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Stumbling Stones

30. Juni 2016 | von

Stumbling Stone in Köln-Kyffhäuserstraße

 

You probably already stepped by (or even stumbled) on those stones somewhere in Aachen, Germany, or even Europe. And like the majority of the people, you kind of noticed that this stone looks different from the rest of the sidewalk’s pattern. Maybe you even made some effort by pressing the eyes and read some name on it. And if you took some minute more, you noticed that this message graved on the stone it is about honoring somebody, his/hers birth date and death are also marked on it. And in many cases some tough detail of this person’s life is also shared, e.g. “deported to Auschwitz in 1944, murdered”.

The stumbling stones are nothing more than a block of cement capped with this golden-metal-sign where the name, dates, and detail of the crime committed against this person is graved. The main concept of this memorial is to make us remember the horrible times of the Nazism in the same way as honoring this person (and all the others) that suffered crimes like persecution, deportation, murder or were haunted until committing suicide. Those blocks are normally placed in from of the last habitation this person freely lived. They are dug in the soil and leveled with the path. Gunter Demnig is the artist that developed this concept, and the first stone was placed in the year of 1992.

 

As tough as those stones content are, they are in the same way a very interesting idea and art work. By the way it is the most spread around memorial in Europe! So far there seem to exist 56.000 of those stones spread in many cities in 19 european countries. Crazy, to think that those places are all connected by this memory (and of course many other factors…). I particularly also like a lot the fact that they are simply spread around the city. So you can always be surprised when finding one. You can try to make a virtual collection of those. If they would be all represented in a map, we could learn a lot about the neighborhoods and cities inhabitants at that time (for example stating that a neighborhood was mostly inhabited by Jews, or that a specific part of the city didn’t host any Jews at all, etc.).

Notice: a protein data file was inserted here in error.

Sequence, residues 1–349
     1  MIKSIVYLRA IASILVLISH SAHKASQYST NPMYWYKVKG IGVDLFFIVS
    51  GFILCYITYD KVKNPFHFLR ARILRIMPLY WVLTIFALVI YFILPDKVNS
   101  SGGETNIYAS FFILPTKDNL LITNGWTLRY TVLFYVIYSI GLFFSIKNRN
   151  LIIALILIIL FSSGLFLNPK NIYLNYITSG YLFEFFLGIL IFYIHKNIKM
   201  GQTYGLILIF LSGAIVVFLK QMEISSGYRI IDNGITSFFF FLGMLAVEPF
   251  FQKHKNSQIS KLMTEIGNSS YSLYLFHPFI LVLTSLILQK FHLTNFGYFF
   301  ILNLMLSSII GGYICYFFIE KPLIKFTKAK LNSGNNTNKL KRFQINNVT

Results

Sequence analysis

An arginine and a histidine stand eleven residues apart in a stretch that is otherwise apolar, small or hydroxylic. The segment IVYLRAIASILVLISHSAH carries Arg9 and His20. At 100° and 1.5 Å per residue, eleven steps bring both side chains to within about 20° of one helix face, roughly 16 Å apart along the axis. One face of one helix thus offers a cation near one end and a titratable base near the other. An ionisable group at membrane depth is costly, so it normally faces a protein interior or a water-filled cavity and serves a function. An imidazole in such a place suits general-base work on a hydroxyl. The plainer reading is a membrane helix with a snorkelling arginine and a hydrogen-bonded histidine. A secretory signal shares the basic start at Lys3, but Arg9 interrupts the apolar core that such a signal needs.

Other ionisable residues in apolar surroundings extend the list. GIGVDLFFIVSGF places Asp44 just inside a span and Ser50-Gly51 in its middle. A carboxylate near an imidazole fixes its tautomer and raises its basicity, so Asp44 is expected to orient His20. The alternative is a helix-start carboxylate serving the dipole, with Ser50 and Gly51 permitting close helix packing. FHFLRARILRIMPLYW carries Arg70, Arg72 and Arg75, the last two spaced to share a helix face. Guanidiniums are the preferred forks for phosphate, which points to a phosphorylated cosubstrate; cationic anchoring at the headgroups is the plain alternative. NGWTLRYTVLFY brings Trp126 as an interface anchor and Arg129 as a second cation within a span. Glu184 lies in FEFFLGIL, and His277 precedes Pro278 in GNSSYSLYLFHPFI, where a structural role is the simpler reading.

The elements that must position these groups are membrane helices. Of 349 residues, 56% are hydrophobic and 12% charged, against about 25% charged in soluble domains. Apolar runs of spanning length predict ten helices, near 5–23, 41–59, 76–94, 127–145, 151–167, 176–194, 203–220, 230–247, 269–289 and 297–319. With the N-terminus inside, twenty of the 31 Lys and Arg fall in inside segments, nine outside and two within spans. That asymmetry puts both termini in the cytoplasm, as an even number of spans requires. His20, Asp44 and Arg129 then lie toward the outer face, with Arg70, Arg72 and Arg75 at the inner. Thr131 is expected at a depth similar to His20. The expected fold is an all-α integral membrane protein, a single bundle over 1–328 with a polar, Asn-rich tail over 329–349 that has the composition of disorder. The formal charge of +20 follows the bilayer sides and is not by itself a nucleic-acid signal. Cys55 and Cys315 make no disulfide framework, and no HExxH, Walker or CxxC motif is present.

Although I would love to share the very interesting stones-situations I’ve already saw, I sadly couldn’t find them anymore – extra because I was looking for them (you know… Murphy’s law!). So decided that I will post some more in the comments whenever I find an interesting one. And you’re also invited to post any nice example you find!

 

Get on your shoes and go have a walk through your city, whenever you stumble, just take a picture of the stone!

 

 

Stumbling Stone in Köln-Severinstraße

Stumbling Stone in Köln-Altstadt

 



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